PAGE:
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pms07

I have a few skysurf jumps, actually some jumping boards owned by the OP, tidlof. I enjoyed those jumps but made a personal risk management decision to not pursue the activity and jump bigger boards after about a dozen jumps. It's a complicated discipline with a lot of risk.



Goodness, the things you learn about your fellow jumpers on dropzone.com!

I too, have skysurfed. 12 jumps, with 2 different boards (and their release systems) designed by me. I might have the distinction of having been the first/only person to have skysurfed from an AN-2. Anyone else done that?

I gave it up because it was such a hassle. No one likes a big guy with a large board strapped to him hopping around in a plane and stepping on people's feet while they get out.

I did all these jumps with a double wing sit-suit and Spandex pants for low drag on my legs. I'm not sure I could have done it otherwise. I'm not that balanced or athletic or flexible.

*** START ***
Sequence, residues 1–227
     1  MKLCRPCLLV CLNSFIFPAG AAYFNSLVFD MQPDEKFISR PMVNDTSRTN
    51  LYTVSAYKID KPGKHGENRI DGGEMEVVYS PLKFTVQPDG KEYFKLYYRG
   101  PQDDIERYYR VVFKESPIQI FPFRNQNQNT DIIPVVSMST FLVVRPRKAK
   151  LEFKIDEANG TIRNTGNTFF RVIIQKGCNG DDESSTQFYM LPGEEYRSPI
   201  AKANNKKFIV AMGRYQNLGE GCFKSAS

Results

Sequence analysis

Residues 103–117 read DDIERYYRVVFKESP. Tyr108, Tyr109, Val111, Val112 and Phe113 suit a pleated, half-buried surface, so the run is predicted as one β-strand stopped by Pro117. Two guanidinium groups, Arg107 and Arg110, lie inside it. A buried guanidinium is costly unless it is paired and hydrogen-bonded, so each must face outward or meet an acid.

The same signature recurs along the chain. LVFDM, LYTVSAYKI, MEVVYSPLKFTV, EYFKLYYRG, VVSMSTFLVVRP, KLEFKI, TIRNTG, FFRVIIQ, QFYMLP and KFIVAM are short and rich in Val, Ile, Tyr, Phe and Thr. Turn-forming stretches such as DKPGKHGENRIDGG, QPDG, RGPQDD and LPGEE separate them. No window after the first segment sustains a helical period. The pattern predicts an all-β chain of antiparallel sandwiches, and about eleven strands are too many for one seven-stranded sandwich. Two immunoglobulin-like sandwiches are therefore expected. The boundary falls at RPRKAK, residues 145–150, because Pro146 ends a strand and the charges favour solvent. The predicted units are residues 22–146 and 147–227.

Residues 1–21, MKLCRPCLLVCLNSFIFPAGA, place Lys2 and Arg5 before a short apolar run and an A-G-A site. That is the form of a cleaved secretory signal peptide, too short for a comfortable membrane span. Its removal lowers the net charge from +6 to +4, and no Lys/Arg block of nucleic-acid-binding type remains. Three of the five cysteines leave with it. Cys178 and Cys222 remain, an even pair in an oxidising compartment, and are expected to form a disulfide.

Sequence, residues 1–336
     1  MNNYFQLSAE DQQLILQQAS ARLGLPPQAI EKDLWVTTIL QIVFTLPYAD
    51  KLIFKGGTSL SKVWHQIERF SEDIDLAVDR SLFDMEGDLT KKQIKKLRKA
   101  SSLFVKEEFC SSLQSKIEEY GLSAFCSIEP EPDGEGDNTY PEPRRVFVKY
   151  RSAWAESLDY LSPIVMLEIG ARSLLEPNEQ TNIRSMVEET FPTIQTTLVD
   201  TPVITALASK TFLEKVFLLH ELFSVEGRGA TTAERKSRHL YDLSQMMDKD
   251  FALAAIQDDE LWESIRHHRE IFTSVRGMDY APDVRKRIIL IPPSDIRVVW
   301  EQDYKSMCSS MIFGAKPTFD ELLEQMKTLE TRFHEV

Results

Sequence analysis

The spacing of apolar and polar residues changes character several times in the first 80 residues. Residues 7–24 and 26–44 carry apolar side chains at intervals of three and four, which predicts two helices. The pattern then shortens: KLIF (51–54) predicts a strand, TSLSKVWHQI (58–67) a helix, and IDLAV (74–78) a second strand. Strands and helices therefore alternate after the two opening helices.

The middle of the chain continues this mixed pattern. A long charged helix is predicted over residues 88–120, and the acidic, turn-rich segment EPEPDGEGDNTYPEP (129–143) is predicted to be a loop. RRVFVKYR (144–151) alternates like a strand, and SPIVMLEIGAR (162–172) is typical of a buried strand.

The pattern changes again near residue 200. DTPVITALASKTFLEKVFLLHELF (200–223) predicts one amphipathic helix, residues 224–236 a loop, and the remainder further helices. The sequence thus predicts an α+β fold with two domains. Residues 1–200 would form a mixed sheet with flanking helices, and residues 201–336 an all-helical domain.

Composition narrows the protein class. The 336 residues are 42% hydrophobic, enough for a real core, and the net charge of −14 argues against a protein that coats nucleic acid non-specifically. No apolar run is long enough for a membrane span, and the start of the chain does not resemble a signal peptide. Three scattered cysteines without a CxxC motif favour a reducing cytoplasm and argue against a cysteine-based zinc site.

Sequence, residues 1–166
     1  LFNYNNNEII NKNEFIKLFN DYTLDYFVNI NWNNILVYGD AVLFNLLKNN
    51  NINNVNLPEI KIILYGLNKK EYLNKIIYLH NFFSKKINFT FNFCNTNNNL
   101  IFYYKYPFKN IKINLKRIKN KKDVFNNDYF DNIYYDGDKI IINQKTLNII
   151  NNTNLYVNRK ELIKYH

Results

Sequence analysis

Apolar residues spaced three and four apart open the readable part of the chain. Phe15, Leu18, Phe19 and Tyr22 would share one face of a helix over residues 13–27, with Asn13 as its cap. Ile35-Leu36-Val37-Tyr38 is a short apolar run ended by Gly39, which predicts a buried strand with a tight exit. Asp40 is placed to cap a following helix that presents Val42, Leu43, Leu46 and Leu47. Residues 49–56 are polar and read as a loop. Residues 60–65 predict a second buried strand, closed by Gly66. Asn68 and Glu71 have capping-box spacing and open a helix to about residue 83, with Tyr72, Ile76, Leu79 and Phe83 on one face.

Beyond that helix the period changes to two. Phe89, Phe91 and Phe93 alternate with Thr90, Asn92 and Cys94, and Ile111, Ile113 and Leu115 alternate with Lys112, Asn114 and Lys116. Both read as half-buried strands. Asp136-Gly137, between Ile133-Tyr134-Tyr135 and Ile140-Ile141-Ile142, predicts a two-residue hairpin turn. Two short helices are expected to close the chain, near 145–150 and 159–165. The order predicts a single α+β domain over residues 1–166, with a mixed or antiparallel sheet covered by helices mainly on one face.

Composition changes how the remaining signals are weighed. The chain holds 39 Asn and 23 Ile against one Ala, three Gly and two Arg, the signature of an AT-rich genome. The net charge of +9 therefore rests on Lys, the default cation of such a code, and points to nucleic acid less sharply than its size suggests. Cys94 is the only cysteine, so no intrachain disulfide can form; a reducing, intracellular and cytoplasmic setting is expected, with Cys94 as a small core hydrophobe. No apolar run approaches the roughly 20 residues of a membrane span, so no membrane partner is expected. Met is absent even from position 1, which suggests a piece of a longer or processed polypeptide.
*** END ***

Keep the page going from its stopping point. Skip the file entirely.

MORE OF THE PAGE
Just imagine me in something that looks like yoga pants. ... or perhaps not.

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Ron is correct when he said "And I don't really think skysurf was ever really *big*."

The reality is there were very few that really pursued skysurfing, and many that gave it a try but quickly decided it was not their jam. That was reflected at the U.S. Nationals where there were only a few teams...which was the impetus for USPA dropping this as a competition event.

And who knew that Gary Peek was a skysurfer once upon a time?

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Having made a few hundred skysurfs myself in the early to mid 90s through 2007, my opinion is it's just too difficult, which turns most jumpers off. Skysurfing is the most difficult of all disciplines. You have to be a very very good flyer on all axis. Wingsuiting by comparison, is very easy and does not take much experience to learn, 200 jumps and your wingsuiting, they are both very dangerous, however, it takes much more skill and experience to skysurf, yes there are exceptions, some are just natural flyers.